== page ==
The inclusion of Pentecostal piety characteristics by the charismatic movement also resulted in a changed relationship to the Evangelical Lutheran and the Roman Catholic large church. Some Pentecostal churches were accepted into the World Council of Churches or there were talks with the Pentecostal movement and the Catholic Church. Four final reports from an international commission of Pentecostals and Catholics from 25 years of mutual dialogue were very fruitful and valuable. Warm and trusting relationships between Pentecostals and Catholics created an atmosphere in which differences could be addressed with openness, although some observers said these dialogues would not continue. In any case, mutual respect and understanding emerged.

In mid-2006, the number of people who can be attributed to the Pentecostal charismatic awakenings was around 596 million worldwide. It is the fastest growing religious movement in the world, with the greatest distribution being found in Africa, Latin America and Asia.

In a 2007 survey by the Barna Group in the United States , 36 percent of all respondents identified themselves as charismatics (compared to 30% in a same survey in 1997). 49% of evangelicals see themselves as charismatics, and 36% of Catholics. A broad distribution is also noticeable when considering entire communities. Among the independent churches, about 40% are charismatic, as are 7% of the Southern Baptist Convention churches and 6% of the Mainline Churches congregations .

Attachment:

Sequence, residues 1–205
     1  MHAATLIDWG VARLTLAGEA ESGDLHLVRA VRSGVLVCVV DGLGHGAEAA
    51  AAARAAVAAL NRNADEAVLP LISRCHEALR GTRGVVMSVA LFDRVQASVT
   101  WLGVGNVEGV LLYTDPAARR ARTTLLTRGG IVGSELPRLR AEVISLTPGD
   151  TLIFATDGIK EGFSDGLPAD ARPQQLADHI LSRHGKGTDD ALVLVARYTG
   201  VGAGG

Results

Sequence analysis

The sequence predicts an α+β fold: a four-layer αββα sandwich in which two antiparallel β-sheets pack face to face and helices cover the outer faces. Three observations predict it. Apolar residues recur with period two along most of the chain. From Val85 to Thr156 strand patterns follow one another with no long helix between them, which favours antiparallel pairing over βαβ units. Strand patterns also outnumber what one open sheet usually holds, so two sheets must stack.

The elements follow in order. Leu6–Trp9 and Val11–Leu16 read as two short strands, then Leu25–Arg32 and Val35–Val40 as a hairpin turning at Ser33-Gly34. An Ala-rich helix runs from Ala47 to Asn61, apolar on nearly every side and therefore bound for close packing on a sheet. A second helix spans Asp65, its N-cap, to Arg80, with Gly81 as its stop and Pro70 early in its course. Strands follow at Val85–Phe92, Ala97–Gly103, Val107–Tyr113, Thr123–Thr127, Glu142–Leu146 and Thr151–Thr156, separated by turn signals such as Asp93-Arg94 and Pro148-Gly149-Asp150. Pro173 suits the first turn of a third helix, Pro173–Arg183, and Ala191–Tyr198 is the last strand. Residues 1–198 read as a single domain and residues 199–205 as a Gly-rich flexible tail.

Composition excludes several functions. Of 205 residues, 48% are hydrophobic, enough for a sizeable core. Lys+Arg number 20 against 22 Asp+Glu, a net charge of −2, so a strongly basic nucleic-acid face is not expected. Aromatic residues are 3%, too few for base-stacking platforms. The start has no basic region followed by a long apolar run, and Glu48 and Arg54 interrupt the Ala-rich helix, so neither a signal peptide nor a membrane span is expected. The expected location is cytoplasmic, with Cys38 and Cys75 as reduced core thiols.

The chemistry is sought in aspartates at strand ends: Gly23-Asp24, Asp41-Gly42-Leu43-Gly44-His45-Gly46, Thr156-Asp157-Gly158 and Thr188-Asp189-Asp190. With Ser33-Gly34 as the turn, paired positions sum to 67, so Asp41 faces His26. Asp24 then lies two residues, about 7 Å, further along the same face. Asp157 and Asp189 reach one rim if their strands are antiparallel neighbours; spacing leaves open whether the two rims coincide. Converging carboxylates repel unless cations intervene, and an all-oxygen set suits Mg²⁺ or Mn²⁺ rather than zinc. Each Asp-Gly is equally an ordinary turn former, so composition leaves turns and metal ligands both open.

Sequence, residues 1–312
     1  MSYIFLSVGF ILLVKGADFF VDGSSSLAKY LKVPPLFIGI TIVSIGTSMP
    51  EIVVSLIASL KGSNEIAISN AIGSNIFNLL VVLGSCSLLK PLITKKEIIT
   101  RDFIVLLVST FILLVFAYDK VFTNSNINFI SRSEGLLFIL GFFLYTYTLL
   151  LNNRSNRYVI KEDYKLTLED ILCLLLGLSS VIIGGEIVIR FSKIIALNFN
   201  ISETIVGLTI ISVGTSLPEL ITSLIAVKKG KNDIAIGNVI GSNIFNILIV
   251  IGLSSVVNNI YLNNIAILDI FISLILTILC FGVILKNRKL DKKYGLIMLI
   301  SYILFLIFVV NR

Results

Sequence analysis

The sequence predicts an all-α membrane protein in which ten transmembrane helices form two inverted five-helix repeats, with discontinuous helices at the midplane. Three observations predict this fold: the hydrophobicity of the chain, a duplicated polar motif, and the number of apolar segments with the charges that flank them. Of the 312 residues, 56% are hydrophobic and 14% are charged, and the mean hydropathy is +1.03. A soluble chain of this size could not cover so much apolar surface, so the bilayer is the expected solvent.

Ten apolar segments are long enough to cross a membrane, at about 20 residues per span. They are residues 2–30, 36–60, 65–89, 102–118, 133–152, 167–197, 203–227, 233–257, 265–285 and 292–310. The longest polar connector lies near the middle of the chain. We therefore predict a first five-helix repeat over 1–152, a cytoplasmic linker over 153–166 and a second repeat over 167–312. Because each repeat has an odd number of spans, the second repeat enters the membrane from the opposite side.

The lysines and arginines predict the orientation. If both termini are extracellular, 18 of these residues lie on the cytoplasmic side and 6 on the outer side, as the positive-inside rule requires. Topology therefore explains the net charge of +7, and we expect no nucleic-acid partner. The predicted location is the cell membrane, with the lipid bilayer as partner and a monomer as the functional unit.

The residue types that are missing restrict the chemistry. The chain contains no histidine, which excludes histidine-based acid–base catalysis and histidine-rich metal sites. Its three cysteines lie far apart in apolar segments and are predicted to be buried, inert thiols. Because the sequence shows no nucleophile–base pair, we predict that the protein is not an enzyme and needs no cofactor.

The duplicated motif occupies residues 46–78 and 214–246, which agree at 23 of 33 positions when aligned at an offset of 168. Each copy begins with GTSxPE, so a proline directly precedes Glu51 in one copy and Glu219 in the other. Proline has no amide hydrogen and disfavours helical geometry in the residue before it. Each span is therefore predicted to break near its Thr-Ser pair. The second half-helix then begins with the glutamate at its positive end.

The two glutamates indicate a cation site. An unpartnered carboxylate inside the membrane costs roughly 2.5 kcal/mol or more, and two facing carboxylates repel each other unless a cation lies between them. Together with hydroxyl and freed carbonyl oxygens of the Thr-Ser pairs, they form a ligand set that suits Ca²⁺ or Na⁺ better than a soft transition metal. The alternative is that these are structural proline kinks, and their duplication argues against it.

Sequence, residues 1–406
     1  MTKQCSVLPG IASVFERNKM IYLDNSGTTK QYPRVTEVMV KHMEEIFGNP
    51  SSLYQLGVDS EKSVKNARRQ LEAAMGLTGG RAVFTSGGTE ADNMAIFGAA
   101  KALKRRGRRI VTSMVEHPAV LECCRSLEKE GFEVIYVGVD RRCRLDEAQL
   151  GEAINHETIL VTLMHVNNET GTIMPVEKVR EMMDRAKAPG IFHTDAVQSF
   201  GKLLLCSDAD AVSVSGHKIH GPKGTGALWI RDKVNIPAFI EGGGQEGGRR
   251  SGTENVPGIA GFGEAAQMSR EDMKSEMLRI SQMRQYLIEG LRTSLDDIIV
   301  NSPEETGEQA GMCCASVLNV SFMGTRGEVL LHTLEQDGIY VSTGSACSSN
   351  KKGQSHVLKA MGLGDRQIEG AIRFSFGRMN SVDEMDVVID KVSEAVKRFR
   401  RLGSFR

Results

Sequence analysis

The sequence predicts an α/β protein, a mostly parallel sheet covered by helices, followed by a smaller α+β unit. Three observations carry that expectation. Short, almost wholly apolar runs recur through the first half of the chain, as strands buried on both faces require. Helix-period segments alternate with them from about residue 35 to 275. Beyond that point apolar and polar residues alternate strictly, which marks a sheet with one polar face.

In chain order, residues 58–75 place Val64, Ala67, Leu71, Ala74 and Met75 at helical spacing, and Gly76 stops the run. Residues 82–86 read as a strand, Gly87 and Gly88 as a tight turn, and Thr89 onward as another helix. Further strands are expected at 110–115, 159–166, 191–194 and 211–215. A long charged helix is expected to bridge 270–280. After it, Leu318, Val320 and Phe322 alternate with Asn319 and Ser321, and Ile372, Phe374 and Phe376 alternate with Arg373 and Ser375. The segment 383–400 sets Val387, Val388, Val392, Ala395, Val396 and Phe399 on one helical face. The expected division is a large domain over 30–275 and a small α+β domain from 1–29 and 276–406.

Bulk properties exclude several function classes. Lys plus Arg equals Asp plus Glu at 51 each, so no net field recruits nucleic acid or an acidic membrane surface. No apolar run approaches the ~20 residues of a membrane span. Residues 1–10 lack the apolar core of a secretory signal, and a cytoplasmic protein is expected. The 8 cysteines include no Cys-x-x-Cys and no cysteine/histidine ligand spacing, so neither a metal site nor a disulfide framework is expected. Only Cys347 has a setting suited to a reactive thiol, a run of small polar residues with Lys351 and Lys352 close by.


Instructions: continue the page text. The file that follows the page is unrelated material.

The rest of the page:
Outside of the major churches, there are probably over 1,000 free congregations in Germany that are organized in networks or, in part, in the Bund Freikirchlicher Pentecostal congregations . There is also a charismatic movement in Switzerland and Austria. Currently z. B. an association called GODfest Ministries . According to the senior pastor of Bethel Church (Redding, California) , Bill Johnson, this movement wants to help shake the Christian faith in Europe with life-changing Christian festivals .


James Innell Packer sees the following points as specific to the beliefs of the charismatic movement:

  • The experience of an essential enrichment of the Christian life, which is neither identical with evangelical conversion nor with sacramental incorporation into the body of Christ. In doing so, the individual often feels the love of God, the closeness of Jesus Christ, the power of the Holy Spirit and possibly the existence of the demonic to a previously unknown extent.
  • The fruit of the Holy Spirit (character formation of the Christian) according to Galatians
  • The gifts of the Holy Spirit